unknown Define makeList6
Use def to define makeList6
 
unknown Use a return statement
Within the definition of makeList6, use return _ in at least once place.
 
unknown Product Requirements
Your code's result values.
 
unknown Core goals
Complete all core goals for core credit. Get partial credit for completing at least half, and more partial credit for completing at least 90%.
 
unknown makeList1 result looks the same
The result of makeList1 must at least compare equal to the solution result, even if it has a different in-memory structure.
 
unknown The value must have the correct memory structure
The memory structure of the value produced by your code must match that of the value produced by the solution code, including which parts are aliases of each other.
 
unknown makeList2 result looks the same
The result of makeList2 must at least compare equal to the solution result, even if it has a different in-memory structure.
 
unknown The value must have the correct memory structure
The memory structure of the value produced by your code must match that of the value produced by the solution code, including which parts are aliases of each other.
 
unknown makeList3 result looks the same
The result of makeList3 must at least compare equal to the solution result, even if it has a different in-memory structure.
 
unknown The value must have the correct memory structure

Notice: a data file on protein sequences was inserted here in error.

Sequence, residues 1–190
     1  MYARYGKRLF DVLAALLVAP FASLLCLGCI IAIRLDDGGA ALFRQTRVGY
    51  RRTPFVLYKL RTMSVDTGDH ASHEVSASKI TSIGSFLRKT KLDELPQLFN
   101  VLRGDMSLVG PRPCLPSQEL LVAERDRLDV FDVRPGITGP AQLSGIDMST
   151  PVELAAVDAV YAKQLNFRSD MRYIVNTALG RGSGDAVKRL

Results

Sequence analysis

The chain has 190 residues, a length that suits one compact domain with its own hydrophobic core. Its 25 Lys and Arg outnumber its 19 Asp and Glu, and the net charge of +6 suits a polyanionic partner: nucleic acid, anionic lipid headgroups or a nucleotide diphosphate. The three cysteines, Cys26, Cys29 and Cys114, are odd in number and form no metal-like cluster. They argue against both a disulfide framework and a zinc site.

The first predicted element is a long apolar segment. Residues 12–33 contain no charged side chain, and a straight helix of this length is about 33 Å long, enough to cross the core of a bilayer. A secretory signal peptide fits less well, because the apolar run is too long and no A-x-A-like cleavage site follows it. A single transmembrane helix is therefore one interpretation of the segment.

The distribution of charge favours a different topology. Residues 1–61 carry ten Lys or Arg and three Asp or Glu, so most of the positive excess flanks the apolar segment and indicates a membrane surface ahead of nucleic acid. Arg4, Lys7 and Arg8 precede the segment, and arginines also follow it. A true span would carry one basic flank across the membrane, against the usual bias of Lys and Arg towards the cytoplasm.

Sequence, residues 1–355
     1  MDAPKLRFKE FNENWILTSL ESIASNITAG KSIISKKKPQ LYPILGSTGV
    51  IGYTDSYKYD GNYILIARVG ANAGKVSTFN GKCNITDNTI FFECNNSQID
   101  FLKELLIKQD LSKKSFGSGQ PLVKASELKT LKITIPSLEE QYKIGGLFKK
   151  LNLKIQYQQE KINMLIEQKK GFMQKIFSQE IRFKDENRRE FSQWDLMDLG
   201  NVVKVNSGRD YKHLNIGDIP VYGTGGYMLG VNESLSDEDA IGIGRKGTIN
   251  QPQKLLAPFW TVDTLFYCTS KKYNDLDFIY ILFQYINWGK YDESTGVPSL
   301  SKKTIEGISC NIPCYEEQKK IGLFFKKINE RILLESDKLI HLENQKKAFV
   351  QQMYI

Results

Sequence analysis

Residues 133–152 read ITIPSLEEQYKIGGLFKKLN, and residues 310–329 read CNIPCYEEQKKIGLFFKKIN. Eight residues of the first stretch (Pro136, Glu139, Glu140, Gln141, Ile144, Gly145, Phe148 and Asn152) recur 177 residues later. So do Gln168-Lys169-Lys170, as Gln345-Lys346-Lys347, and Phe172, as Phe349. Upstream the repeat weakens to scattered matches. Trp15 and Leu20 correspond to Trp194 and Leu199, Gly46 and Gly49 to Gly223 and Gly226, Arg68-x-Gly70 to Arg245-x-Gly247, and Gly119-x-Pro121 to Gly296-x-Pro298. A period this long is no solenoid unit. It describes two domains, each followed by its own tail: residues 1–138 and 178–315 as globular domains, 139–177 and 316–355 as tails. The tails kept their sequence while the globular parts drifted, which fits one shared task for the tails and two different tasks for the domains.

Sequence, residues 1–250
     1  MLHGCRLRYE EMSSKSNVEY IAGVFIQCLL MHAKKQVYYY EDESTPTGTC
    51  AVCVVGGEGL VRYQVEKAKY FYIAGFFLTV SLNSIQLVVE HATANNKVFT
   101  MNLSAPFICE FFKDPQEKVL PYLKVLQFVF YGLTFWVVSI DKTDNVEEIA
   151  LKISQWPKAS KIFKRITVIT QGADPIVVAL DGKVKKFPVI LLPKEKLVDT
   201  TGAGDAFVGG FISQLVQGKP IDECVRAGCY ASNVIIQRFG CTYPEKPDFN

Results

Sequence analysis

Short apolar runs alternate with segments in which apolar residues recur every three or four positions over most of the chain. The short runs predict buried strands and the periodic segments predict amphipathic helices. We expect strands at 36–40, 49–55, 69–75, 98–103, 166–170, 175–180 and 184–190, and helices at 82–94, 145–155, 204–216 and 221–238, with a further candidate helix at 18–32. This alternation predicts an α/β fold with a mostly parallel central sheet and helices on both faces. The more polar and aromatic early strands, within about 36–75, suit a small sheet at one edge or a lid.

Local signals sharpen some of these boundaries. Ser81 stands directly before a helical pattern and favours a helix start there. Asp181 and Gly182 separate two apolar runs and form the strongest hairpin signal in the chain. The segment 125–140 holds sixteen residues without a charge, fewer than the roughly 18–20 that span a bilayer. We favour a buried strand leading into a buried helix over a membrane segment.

The memory structure of the value produced by your code must match that of the value produced by the solution code, including which parts are aliases of each other.
 
unknown makeList4 result looks the same
The result of makeList4 must at least compare equal to the solution result, even if it has a different in-memory structure.
 
unknown The value must have the correct memory structure
The memory structure of the value produced by your code must match that of the value produced by the solution code, including which parts are aliases of each other.
 
unknown makeList5 result looks the same
The result of makeList5 must at least compare equal to the solution result, even if it has a different in-memory structure.
 
unknown The value must have the correct memory structure
The memory structure of the value produced by your code must match that of the value produced by the solution code, including which parts are aliases of each other.
 
unknown Extra goals
Complete all extra goals in addition to the core goals for a perfect score.
 
unknown makeList6 returns the correct result
The result returned when your makeList6 function is run must match the solution result.
 
unknown The value must have the correct memory structure
The memory structure of the value produced by your code must match that of the value produced by the solution code, including which parts are aliases of each other.